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I don't doubt these experiences, but I have to say that not once in more than 40 years of doing this have I ever seen anyone do anything remotely akin to what's described by others in this thread, let alone had it happen to me. The closest I can come is when I was a little kid and one of my buddies thought the fender of our Model A looked like a neat slide. He only did it once, and I told him not to. But never at a show and the general public that interacts with us is always respectful and appropriate. Like I said, I don't doubt these stores (and the guy in the video is proof that disrespectful idiots exist) but I have zero experience with any incidents beyond light finger touching or the random lean-on-a-fender guy. Even in our showroom where people feel and act a little differently because the cars are for sale, visitors are almost universally respectful--they often ask if they can take pictures.

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There are folks in all walks of life that do not think or do not care, or both.  I owned my own Tractor-trailer  when I was hauling furniture, moving folks, cross country.  I had just bought a new trailer to the tune of around $40,000.    A helper placed a set of bed rails against the side.  He was not happy when I moved them across the street and placed them against the trunk of his cameo.  I showed as much respect for his stuff as he did mine.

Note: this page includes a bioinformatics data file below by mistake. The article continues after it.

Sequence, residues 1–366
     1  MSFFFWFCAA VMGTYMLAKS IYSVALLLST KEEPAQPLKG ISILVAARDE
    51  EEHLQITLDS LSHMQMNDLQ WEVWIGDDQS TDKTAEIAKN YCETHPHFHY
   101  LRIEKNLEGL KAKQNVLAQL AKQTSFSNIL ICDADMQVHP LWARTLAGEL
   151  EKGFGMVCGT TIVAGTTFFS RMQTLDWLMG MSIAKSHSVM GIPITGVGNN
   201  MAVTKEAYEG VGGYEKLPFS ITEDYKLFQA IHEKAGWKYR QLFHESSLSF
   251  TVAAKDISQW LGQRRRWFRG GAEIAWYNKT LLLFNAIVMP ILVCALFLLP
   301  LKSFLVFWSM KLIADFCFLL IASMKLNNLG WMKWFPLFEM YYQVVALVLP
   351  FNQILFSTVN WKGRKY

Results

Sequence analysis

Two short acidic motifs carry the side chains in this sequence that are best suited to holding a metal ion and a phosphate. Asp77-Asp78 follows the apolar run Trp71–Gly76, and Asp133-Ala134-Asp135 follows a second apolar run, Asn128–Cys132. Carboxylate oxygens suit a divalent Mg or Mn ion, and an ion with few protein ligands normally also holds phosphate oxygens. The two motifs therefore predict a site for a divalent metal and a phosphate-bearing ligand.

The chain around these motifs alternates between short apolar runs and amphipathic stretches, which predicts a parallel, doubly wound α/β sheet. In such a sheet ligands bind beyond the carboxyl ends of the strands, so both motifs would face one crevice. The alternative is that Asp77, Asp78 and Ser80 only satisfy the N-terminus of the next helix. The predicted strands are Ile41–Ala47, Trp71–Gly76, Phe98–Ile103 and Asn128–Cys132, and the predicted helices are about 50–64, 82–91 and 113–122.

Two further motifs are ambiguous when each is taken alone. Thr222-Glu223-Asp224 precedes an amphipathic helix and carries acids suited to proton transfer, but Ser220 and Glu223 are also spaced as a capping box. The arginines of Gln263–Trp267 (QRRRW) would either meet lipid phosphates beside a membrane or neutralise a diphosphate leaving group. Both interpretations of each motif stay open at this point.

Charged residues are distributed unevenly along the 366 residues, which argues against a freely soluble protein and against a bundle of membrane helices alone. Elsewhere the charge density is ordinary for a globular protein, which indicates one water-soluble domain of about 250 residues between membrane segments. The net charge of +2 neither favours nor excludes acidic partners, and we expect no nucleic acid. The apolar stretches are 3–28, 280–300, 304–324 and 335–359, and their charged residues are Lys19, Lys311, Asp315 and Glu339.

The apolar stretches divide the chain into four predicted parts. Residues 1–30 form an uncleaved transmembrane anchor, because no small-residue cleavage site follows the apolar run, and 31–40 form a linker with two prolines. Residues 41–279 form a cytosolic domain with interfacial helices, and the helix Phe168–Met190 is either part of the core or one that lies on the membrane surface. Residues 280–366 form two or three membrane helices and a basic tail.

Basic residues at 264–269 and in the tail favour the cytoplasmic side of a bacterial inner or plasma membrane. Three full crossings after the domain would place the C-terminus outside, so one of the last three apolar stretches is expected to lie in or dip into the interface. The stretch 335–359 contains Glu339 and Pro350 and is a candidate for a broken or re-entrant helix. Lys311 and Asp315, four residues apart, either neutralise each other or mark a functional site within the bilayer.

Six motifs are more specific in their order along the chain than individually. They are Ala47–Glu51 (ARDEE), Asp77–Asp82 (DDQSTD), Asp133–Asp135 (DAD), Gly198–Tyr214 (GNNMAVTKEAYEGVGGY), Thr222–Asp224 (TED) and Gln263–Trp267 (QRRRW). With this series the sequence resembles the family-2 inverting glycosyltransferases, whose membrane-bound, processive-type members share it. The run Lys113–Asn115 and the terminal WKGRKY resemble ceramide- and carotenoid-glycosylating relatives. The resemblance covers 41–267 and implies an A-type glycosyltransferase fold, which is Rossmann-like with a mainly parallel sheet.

Ben

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We always invited kids to sit in our car's that went way to far,I love it when they take pictures

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2 hours ago, Matt Harwood said:

I don't doubt these experiences, but I have to say that not once in more than 40 years of doing this have I ever seen anyone do anything remotely akin to what's described by others in this thread, let alone had it happen to me. The closest I can come is when I was a little kid and one of my buddies thought the fender of our Model A looked like a neat slide. He only did it once, and I told him not to. But never at a show and the general public that interacts with us is always respectful and appropriate. Like I said, I don't doubt these stores (and the guy in the video is proof that disrespectful idiots exist) but I have zero experience with any incidents beyond light finger touching or the random lean-on-a-fender guy. Even in our showroom where people feel and act a little differently because the cars are for sale, visitors are almost universally respectful--they often ask if they can take pictures.